Being exposed to higher levels of stress during childhood increases the risk of type 2 diabetes and heart disease in adults, according to new research.
The study, conducted by researchers at the Department of Social and Behavioural Sciences at the Harvard T.H. Chan School of Public Health in Bosto, Massachusetts, adds to existing research on the health effects of stress. Previous studies suggest that around 60 per cent of all illnesses are caused primarily by stress.
The researchers analysed data from around 7,000 participants, all of whom were born within the same week. They were followed for an average of 45 years, with information about stress levels and mental health being collected at ages seve, 11, 16, 23, 33, and 42.
When the participants reached the age of 45, the researchers tested them for biological markers that would indicate their risk of type 2 diabetes and heart disease.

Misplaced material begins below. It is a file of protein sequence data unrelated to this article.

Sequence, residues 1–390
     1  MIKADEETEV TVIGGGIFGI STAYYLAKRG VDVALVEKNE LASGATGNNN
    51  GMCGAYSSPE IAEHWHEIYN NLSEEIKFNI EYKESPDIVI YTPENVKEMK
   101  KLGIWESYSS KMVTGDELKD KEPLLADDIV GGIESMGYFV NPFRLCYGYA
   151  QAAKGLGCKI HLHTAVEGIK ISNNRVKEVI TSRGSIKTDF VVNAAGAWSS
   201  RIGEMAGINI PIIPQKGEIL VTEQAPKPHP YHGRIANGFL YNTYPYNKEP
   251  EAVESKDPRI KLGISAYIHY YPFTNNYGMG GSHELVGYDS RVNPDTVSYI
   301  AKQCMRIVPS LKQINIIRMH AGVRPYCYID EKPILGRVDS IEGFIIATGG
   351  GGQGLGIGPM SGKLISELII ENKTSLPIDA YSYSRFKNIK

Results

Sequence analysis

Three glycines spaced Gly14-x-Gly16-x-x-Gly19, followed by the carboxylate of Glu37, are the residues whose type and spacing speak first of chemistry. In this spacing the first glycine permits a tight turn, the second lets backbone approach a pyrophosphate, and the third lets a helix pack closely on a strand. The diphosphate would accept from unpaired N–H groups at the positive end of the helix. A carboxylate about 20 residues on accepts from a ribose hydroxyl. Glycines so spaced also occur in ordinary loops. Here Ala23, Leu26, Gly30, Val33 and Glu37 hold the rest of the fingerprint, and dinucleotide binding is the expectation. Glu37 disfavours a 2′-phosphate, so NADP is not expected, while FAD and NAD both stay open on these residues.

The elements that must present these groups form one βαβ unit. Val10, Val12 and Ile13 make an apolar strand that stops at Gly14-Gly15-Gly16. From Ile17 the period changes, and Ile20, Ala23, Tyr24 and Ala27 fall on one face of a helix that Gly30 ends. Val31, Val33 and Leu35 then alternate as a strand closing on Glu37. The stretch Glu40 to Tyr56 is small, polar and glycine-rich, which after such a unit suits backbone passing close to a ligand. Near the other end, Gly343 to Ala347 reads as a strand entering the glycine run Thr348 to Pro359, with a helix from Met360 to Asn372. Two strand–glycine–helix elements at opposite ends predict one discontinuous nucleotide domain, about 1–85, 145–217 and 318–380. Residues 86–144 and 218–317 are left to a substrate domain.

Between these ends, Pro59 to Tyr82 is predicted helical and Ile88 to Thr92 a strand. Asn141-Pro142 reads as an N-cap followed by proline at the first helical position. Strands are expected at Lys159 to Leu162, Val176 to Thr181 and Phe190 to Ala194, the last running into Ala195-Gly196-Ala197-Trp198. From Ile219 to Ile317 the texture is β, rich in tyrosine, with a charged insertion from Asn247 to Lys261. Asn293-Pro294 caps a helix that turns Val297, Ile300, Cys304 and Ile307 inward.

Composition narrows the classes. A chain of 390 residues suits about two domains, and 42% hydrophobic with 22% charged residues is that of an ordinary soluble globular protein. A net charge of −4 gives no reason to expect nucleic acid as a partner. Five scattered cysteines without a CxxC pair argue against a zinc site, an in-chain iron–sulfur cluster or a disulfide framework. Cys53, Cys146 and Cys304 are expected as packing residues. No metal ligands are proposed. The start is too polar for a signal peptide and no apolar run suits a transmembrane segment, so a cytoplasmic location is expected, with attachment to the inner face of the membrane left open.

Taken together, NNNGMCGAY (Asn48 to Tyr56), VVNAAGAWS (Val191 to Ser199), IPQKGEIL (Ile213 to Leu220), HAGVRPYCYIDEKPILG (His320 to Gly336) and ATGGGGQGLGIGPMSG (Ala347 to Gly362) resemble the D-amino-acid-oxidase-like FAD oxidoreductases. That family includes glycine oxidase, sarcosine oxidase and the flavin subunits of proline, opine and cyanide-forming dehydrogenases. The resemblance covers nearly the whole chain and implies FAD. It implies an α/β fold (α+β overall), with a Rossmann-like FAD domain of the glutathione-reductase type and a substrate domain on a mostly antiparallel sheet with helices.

The results of the study indicated that participants whose childhoods were more stressful had a higher risk of heart disease and type 2 diabetes. Having a less stressful adulthood offset the risk somewhat, but the increased stress during childhood still had an effect.
High stress during adulthood but not childhood did not increase the risk of heart disease and type 2 diabetes, once the researchers adjusted for other factors that might increase the risk.
“While effects of distress in early childhood on higher cardiometabolic risk in adulthood appeared to be somewhat mitigated if distress levels were lower by adulthood, they were not eradicated,” the authors wrote.
“This highlights the potentially lasting impact of childhood distress on adult physical health.
“[E]arly prevention and intervention strategies focused not only on the child but also on his or her social circumstances may be an effective way to reduce the long-lasting harmful effects of distress.”
The findings were published in the Journal of the American College of Cardiology.

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